As the sun goes down it casts long shadows across the beach at the Bay of Pigs. Groups of tourists lounge under the palm trees, sipping on cold beers or drinking Cuban rum out of coconut husks sold by the locals. Few looking on the scene can fail to reflect on the invasion of tourists - an obvious metaphor, but an accurate one. Across the country, people dutifully turned out to cast their ballots for members of the national assembly.
In turns painted as a moderniser and a stalwart hardliner, he is the first non-Castro to govern the island since Sounds straightforward enough. But in reality, on the ballots cast by Cuban voters there was exactly the same number of candidates as seats in parliament - Last year, a number of dissidents and opposition figures attempted to stand as municipal candidates, including members of a group called Otro They claim they were prevented from registering their nominations through repressive tactics by the police and state security officers.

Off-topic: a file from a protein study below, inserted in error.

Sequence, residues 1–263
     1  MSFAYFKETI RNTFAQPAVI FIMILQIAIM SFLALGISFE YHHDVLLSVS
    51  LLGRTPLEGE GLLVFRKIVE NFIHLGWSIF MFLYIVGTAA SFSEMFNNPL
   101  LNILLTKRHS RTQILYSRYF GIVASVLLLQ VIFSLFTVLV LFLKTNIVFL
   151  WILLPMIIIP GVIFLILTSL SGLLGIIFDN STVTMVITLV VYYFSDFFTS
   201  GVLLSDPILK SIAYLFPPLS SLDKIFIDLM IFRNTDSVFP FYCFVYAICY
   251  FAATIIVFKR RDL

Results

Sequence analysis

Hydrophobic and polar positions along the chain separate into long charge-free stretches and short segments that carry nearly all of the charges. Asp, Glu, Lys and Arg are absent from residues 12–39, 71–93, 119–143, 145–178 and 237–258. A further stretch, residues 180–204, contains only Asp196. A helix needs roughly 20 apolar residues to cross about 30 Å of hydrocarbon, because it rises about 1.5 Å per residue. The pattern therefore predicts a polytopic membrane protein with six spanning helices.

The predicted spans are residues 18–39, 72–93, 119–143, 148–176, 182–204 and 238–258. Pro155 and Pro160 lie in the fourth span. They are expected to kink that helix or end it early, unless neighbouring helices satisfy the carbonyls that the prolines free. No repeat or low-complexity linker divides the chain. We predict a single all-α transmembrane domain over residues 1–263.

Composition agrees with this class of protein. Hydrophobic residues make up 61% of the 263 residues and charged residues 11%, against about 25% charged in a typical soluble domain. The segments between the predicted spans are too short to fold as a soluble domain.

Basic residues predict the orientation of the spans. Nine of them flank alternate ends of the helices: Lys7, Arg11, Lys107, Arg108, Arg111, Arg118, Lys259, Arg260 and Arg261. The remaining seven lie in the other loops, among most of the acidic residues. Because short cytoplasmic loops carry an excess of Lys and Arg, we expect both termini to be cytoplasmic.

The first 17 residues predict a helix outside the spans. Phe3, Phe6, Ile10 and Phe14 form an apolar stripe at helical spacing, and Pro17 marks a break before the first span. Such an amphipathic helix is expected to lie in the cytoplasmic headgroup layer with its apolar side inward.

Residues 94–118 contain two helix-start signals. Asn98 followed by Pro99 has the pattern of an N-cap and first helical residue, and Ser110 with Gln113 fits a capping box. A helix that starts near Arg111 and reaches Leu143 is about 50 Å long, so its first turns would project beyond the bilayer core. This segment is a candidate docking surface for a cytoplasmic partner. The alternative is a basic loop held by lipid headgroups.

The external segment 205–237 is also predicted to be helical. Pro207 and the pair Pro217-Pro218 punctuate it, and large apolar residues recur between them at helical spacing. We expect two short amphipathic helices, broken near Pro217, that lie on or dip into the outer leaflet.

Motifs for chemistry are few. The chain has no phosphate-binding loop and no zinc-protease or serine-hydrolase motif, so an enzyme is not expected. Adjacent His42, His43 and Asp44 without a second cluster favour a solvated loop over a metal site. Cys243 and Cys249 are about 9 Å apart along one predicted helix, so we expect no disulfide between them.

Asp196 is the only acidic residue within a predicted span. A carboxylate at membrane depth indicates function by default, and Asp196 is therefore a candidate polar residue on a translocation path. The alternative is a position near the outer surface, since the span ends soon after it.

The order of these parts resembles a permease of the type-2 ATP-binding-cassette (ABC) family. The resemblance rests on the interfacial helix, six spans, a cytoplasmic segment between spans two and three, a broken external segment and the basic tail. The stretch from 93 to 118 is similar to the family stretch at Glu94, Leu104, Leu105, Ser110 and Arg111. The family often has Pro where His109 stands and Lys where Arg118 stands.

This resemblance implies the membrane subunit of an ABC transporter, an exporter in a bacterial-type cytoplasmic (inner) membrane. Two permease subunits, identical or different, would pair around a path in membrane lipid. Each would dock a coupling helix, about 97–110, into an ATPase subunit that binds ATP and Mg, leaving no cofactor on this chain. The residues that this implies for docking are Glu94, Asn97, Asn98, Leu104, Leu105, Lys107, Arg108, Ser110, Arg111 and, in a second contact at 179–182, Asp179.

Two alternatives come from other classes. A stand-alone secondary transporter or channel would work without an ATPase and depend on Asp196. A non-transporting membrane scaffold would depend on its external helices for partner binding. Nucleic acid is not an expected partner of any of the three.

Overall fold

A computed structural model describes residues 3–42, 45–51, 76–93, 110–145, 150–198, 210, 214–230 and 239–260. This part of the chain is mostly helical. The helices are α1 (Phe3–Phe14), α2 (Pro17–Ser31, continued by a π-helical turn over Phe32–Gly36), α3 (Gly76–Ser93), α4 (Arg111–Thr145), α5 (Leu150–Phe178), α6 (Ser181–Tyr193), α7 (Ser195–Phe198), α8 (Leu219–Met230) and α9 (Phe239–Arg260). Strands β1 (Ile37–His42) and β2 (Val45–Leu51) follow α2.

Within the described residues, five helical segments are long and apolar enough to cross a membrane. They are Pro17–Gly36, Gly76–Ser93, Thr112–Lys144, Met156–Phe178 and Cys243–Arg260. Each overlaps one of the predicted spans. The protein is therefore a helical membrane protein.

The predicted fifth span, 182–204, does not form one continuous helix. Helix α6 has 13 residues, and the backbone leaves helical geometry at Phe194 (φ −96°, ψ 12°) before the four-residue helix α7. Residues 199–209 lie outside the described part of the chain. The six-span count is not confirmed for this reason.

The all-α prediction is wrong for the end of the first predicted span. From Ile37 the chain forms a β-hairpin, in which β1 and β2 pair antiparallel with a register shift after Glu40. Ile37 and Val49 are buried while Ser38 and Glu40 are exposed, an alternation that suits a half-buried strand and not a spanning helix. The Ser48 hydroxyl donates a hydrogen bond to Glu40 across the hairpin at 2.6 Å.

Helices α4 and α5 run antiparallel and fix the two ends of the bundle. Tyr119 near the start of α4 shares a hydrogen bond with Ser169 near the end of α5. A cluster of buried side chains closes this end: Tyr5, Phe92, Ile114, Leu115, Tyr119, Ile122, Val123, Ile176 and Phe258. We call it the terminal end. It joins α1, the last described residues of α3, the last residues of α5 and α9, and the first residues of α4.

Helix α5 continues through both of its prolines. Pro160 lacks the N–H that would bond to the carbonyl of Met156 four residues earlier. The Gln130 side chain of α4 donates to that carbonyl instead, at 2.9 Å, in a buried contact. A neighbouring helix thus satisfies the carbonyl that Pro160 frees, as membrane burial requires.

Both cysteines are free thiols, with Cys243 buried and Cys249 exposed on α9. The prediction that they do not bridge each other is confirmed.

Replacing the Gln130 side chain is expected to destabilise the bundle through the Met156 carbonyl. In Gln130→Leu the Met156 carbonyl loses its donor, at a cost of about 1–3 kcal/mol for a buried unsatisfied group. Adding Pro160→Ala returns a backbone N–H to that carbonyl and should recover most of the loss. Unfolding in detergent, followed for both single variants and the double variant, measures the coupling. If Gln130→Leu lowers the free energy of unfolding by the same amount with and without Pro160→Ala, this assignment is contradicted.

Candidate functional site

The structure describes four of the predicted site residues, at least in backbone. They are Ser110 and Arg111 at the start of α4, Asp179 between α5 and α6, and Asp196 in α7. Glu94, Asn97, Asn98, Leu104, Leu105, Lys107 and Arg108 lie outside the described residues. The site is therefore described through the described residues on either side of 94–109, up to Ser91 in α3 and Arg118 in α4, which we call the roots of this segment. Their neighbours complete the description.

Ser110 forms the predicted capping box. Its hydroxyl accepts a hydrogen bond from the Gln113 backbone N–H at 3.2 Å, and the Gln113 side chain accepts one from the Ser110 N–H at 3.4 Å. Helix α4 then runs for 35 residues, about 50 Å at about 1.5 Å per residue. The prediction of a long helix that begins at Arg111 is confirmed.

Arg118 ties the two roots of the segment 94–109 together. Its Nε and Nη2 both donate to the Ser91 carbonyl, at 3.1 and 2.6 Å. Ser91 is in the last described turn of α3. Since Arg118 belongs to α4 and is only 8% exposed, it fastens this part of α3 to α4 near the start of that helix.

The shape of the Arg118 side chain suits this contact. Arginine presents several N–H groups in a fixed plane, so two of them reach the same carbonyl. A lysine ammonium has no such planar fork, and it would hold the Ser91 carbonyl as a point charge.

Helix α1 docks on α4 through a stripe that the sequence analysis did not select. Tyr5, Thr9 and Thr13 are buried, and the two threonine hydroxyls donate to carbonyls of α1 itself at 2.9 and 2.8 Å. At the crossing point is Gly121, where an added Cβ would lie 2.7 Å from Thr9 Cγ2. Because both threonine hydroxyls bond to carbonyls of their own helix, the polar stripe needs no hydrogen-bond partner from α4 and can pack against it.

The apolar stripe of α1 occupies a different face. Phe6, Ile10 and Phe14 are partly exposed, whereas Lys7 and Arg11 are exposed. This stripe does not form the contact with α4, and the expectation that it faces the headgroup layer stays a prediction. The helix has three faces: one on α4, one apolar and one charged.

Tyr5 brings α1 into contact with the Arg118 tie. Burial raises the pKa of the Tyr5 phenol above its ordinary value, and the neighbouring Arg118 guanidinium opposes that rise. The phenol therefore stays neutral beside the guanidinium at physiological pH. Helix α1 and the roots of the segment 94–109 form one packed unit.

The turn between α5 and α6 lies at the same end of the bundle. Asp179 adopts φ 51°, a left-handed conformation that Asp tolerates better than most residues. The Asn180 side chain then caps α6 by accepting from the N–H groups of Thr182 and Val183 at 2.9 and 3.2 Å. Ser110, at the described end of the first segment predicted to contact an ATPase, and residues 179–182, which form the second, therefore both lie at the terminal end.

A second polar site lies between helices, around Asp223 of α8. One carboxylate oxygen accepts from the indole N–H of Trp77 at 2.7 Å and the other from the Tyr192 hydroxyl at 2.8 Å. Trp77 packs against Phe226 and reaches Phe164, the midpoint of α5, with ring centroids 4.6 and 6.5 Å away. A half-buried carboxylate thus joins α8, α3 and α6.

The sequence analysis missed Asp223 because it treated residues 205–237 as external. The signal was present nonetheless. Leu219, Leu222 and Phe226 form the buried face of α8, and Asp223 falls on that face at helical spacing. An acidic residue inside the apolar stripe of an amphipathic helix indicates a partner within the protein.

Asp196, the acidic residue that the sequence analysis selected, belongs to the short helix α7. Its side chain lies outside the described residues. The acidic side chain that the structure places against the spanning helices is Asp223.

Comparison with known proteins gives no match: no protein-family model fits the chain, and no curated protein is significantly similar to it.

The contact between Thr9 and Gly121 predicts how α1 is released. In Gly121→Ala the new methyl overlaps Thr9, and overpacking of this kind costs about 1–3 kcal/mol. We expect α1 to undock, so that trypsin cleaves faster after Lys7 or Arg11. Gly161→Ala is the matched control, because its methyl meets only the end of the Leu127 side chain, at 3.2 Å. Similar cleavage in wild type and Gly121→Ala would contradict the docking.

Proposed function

Barely five days after the historic agreement with President Obama to re-establish diplomatic ties, there was a genuine sense of expectation in the air. The message was simple - political continuation. Today, that practice has largely ended. In its place is a system of control under which critics and independent journalists are frequently held under short-term arbitrary detentions.
A decade after the Cold War's end, those who worship and loathe Fidel Castro are still debating the Cuban revolution's legacy. Susan Eva Eckstein is Professor of Sociology at Boston University. She has authored many books and most recently co-edited Struggles for Social Rights in. Back from the Future: Cuba under Castro [Susan Eva Eckstein] on turquiqunemoun.cf *FREE* shipping on qualifying offers. Susan Eckstein describes how and.